assuring Turkey that such problems would be resolved.
Turkey might receive additional U.S. loans: The U.S.
State Department has signaled that Turkey might be
given financial support in addition to the $8.5 billion
loan provided recently by Washington. "Radikal"
speculates that the U.S. could meet the cost of the
Turkish troop deployment in Iraq. "Hurriyet" thinks
the U.S. will meet some of the cost of the deployment.
"Hurriyet" estimates the yearly expenses of Turkish
troops in Iraq at $60 million, while "Yeni Safak"
claims it would amount to $540 million.
FM Gul briefs mission chiefs on Turks to Iraq: Foreign
Minister Abdullah Gul briefed all foreign ambassadors
based in Ankara on the deployment decision on
Wednesday. Gul reportedly gave the following messages:
Turkey, acting in line with UN Resolution 1483, will
enhance the stabilization of Iraq. But Turkey would
still regard a new UN resolution as significant.
Turkish troops will face fewer problems in Iraq, since
the Iraqis are relatives and brothers of the Turks.
Responding to a question about the opposition voiced by
some Iraqi Governing Council members, Gul said that
convincing the Iraqis was a U.S. responsibility.

EDITORIAL OPINION: Iraq/Turkish troops for Iraq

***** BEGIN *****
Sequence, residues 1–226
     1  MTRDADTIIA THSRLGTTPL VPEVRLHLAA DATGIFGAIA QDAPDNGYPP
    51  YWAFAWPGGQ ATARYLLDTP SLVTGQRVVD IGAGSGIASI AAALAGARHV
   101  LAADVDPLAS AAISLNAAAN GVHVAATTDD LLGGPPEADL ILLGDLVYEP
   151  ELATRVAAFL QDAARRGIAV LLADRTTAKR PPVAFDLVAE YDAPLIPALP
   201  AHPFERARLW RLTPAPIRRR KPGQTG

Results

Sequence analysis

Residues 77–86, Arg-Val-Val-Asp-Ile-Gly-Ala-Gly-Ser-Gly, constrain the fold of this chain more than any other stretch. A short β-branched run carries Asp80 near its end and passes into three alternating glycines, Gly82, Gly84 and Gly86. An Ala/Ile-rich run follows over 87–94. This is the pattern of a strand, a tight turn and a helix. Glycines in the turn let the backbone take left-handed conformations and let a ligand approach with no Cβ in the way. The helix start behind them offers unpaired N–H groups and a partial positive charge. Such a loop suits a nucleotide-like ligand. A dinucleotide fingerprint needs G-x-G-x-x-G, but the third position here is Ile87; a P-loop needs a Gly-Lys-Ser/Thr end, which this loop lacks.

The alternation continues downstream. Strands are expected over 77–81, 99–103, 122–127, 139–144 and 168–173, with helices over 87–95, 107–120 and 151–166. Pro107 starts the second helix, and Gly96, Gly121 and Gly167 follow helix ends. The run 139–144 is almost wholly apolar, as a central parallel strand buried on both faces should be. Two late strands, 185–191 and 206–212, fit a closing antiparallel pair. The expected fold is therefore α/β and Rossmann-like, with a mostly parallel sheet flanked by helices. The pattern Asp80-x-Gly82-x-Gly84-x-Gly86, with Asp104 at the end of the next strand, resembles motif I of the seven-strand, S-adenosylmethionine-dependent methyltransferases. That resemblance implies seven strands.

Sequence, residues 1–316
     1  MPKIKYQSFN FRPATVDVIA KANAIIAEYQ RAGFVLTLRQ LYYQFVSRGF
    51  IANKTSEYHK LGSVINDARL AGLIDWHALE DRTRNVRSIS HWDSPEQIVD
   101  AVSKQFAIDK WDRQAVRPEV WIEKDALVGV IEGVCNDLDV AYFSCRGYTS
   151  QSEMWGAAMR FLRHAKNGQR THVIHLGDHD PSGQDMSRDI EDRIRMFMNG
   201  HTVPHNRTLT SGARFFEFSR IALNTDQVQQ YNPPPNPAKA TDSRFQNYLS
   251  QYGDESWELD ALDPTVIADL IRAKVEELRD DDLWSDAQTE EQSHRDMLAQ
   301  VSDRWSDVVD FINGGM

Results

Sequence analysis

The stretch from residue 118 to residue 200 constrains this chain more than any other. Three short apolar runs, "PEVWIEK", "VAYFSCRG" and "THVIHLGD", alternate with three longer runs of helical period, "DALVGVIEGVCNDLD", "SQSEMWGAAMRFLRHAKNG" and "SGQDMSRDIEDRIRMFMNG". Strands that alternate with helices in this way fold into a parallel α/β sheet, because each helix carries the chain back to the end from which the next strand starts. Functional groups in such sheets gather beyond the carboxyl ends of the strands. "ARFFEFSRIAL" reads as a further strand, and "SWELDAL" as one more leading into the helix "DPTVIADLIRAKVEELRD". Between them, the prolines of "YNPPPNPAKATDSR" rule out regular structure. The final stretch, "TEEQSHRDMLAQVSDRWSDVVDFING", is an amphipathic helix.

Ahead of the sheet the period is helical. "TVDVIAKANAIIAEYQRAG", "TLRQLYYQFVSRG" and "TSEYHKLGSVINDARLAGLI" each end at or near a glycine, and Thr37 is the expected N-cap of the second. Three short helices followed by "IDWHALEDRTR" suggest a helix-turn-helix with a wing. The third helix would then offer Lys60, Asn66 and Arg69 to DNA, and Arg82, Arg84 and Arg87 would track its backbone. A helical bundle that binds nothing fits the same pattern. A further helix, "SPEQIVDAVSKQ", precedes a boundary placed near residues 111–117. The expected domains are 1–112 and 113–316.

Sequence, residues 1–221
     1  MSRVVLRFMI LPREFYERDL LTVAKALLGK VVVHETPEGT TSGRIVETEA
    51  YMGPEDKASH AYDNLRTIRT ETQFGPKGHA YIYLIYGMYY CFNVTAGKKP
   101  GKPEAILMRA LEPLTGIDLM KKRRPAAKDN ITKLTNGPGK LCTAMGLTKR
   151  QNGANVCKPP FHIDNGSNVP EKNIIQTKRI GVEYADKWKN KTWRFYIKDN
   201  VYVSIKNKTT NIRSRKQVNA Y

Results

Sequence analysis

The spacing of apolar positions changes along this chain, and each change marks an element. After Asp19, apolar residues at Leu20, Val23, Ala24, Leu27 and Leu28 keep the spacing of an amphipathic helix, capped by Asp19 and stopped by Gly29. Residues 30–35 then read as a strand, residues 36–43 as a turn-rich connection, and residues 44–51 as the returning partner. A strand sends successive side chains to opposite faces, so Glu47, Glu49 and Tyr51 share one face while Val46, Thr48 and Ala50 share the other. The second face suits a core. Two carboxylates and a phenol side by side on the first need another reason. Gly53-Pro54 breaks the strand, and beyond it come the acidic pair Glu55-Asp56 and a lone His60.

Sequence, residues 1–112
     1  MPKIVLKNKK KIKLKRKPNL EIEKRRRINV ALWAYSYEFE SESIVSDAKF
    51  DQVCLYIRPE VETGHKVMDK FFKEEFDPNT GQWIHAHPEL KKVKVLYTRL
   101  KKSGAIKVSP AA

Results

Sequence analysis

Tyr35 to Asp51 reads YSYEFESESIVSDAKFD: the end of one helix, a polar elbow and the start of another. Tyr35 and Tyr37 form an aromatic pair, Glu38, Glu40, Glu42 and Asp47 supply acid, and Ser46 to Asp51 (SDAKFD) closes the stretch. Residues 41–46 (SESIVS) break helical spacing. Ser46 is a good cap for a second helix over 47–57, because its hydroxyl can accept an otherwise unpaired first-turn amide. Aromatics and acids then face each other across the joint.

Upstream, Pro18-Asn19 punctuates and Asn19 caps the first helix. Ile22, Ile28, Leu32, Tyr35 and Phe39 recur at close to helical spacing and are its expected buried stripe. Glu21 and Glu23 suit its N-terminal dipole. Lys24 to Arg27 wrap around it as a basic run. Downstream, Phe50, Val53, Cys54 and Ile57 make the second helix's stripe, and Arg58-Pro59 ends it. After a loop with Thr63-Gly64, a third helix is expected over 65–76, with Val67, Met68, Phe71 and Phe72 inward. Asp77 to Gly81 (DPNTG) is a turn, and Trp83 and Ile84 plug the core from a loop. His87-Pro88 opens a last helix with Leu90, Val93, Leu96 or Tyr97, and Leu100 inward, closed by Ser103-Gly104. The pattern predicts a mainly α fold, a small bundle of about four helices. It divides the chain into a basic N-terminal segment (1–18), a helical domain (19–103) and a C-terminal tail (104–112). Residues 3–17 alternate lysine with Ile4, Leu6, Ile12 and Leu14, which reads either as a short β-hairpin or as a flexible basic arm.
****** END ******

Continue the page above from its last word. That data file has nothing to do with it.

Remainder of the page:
"The Decree Success"
Fikret Ertan wrote in the Islamist-intellectual Zaman
(10/9): "The parliamentary decision is an important
step toward Turkey's possible role in Iraq. Following
the negotiation process with the US, and after making
sure of the protection of crucial Turkish national
interests, the Turkish forces will have their place in
Iraq. . In the meantime, there are circles who try to
undermine Turkey's possible involvement in Iraq. Anti-
Turkish statements by Kurdish groups are deliberately
highlighted in an exaggerated tone. . Such efforts led
to the rejection of Turkish involvement by the Turkish
parliament on March 1. This time, despite the
opposition's efforts, the authorization decree has been
approved. The credit should go to the AKP leadership,
including Prime Minister Erdogan and Foreign Minister

"Historic Decision by Turkish Democracy"
Cengiz Candar commented in conservative DB Tercuman
(10/9): "The parliament's decision has provided a clear
and strong message: The Turkish military presence in
Iraq will be a temporary peace mission, it does not
intend to become an occupational force. The decision
also provides support for the US. Let us not forget
the fact that any failure the US might experience in
Iraq will have a colossal effect and would be directly
against Turkey's regional interests. . The technical
details to be worked out with the US. However, Turkey
should not wait for the UN decision, nor even mention
it. Being part of a UN force will only lessen Turkey's
role and influence. Turkey should arrange its mission
by having bilateral contacts with the US, and it should
be given equal status with the UK. Turkish forces in
Iraq should be significant, and more the better.
Sending only a symbolic number of troops does not make
any sense. As far as Turkey's involvement is
concerned, Turkey should think of sending possibly more
than 10,000 troops. The issue of Turkish military
presence in Iraq should be worked out via consensus
within the Iraqi Governing Council as well